• What, exactly, is moderate drinking? Is it one drink per week? Five drinks per week? Ten drinks per week? We haven’t defined it, so how will we know if we are making progress? (2)
  • What does it mean to save more? More is not a number. How much is more? When will you save? Every month? Every paycheck?
  • What does eating healthier look like on a daily basis? Does that mean you eat more servings of vegetables? If so, how many more? Do you want to start by eating a healthy meal once per day? Twice per day? Every meal?

It can be easy to make promises like this to yourself, but they do not create bright lines. Fuzzy statements make progress hard to measure, and the things we measure are the things we improve.

Now, do we need to measure every area of our lives? Of course not. But if something is important to you, then you should establish a bright line for it. Consider the following alternatives:

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  • I only process email between 11 AM and 6 PM.
  • I enjoy a maximum of 2 drinks per night.
  • I save $500 per month for retirement.
  • I eat at least two types of vegetables per day.

These statements establish bright lines. These statements make action steps precise and obvious. Vague promises will never lead to clear results.

Using Bright Lines to Break Bad Habits

The examples I outlined above focus primarily on building new behaviors, but bright-line rules can be used just as effectively to break bad habits or eliminate old behaviors.

My friend Nir Eyal proposes a similar strategy that he calls “Progressive Extremism.” To explain the concept, Nir uses the example of being a vegetarian. If you were interested in becoming a vegetarian, you might start by saying, “I don’t eat red meat.” The goal is not to change everything at once, but to take a very clear and extreme stand in one small area. You are establishing a bright line on that topic.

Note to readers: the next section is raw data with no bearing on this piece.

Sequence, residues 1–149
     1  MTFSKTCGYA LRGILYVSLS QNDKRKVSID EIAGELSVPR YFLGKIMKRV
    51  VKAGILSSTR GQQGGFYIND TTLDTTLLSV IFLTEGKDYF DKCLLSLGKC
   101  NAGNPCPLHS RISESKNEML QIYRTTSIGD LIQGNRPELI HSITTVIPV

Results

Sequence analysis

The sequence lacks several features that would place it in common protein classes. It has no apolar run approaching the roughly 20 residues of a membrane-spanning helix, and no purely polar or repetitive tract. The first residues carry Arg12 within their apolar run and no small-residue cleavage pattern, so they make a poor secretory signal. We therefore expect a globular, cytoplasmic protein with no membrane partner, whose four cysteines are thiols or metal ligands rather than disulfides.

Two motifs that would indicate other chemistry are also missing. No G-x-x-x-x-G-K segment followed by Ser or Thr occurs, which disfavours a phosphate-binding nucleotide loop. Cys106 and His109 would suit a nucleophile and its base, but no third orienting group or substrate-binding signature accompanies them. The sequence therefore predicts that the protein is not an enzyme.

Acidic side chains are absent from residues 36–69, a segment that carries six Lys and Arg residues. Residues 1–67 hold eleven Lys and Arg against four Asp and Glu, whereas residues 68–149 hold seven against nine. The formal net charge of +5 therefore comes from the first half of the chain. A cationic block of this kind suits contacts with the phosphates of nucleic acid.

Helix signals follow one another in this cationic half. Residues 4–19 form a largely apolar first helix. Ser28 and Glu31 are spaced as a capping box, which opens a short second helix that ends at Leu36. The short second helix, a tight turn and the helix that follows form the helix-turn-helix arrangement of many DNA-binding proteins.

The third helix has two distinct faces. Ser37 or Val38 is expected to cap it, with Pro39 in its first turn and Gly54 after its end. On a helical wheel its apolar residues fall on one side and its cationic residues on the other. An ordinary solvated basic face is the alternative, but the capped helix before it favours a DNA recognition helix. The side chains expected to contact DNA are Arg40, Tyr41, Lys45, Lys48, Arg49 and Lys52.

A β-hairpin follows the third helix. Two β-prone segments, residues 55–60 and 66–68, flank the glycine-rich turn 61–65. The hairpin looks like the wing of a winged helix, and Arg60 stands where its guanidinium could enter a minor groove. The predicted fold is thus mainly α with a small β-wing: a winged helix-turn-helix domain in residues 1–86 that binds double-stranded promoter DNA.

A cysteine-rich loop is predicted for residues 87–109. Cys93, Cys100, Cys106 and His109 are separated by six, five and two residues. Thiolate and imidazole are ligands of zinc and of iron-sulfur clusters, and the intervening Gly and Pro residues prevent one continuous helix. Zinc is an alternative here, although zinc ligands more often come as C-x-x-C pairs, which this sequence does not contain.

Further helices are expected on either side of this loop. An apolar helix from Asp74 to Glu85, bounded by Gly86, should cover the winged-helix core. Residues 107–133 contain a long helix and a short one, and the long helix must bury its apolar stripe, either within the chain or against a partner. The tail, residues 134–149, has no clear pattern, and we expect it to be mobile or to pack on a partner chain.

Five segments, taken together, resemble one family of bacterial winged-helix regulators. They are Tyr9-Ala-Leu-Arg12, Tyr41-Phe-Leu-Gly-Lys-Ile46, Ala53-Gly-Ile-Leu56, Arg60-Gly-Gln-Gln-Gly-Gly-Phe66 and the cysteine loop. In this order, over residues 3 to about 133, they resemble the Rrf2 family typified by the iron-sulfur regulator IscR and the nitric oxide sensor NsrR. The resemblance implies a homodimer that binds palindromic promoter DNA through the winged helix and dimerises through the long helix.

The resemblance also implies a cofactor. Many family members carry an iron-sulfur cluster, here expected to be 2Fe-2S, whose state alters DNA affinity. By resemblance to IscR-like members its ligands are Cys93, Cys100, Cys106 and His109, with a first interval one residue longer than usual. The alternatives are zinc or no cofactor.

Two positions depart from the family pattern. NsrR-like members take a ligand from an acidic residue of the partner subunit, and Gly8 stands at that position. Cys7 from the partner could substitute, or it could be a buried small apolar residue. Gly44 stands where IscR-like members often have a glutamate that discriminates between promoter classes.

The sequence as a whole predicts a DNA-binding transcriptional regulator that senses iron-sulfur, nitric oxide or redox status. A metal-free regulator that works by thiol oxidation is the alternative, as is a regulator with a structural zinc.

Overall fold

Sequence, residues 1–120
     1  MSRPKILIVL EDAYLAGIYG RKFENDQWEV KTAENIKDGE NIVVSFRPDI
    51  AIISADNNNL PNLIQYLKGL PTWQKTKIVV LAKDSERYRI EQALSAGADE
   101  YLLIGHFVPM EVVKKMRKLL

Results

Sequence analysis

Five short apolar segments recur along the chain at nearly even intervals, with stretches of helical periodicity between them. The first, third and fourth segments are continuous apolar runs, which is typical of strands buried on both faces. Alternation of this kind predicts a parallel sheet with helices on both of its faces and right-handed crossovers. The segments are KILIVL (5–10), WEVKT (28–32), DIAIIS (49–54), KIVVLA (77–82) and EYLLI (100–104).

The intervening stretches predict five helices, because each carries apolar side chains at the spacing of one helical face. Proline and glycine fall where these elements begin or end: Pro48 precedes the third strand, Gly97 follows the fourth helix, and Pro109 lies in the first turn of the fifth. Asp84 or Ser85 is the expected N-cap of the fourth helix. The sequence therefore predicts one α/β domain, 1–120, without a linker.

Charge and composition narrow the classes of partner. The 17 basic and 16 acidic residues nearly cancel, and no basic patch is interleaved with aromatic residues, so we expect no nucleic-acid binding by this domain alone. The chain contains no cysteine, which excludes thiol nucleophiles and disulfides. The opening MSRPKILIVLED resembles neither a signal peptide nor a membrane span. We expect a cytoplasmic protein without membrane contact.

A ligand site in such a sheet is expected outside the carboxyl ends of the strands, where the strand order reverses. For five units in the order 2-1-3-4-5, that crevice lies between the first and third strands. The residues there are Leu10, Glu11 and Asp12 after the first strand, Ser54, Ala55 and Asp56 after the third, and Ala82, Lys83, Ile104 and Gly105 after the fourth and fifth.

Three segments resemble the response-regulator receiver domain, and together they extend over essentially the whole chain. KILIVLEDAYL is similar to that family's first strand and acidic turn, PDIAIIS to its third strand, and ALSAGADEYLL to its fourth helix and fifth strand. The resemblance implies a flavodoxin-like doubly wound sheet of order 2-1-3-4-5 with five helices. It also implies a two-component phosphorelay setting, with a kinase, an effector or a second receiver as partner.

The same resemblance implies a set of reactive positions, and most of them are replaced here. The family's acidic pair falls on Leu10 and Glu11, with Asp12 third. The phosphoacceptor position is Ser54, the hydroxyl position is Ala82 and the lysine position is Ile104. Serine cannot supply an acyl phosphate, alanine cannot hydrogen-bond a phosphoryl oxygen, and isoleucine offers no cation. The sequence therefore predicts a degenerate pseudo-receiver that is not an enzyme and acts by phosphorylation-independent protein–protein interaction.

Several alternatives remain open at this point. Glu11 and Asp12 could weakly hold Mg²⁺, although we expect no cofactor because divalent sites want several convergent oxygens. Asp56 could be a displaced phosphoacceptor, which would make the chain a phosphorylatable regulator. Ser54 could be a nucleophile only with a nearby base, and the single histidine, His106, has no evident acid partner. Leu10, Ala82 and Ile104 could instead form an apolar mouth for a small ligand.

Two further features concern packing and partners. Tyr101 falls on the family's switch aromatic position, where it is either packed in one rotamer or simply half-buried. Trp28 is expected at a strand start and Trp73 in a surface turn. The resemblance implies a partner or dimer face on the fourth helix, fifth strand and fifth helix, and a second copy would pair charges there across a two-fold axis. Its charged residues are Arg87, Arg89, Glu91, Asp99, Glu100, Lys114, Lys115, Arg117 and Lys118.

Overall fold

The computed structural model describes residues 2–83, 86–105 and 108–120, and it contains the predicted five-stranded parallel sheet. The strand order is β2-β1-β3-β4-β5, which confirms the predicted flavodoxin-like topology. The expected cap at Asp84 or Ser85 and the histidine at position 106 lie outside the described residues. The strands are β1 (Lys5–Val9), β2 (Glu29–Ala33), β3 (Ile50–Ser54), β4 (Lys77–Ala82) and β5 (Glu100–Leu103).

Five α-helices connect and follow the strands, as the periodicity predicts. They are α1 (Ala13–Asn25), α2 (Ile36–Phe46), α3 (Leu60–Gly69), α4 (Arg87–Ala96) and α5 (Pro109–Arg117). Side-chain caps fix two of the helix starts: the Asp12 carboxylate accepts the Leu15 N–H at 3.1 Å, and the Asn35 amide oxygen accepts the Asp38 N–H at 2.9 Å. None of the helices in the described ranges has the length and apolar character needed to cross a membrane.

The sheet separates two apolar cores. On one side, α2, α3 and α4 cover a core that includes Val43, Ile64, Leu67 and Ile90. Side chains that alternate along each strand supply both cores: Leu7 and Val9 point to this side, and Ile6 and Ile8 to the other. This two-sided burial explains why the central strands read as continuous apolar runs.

Over time, you can progressively move your bright line forward and add other behaviors to the mix (i.e. “I don’t eat red meat or fish,” and so on).

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How Bright Lines Unleash Your Hidden Willpower

Establishing bright lines in your life can provide a huge boost in daily willpower. There are two reasons for this.

First, bright lines shift the conversation in your head from one of sacrifice to one of empowerment. When you don’t have a bright line established and you choose not to do something, the tendency is to say, “Oh, I can’t do it this time.” Conversely, when you do have a bright line clearly set, your response can simply be, “No thanks, I don’t do that.” Bright lines help you avoid making just-this-once exceptions. Instead, you are following a new identity that you have created for yourself. (3)

Second, by establishing clear decisions in your life, you conserve willpower for other important choices. Here’s the problem with trying to make daily decisions in muddy water: Without bright lines, you must decide whether a situation fits your standards every time. With bright lines, the decision is made ahead of time. Because of this, you are less likely to suffer from decision fatigue and are more likely to have willpower left over for work, relationships, and other health habits.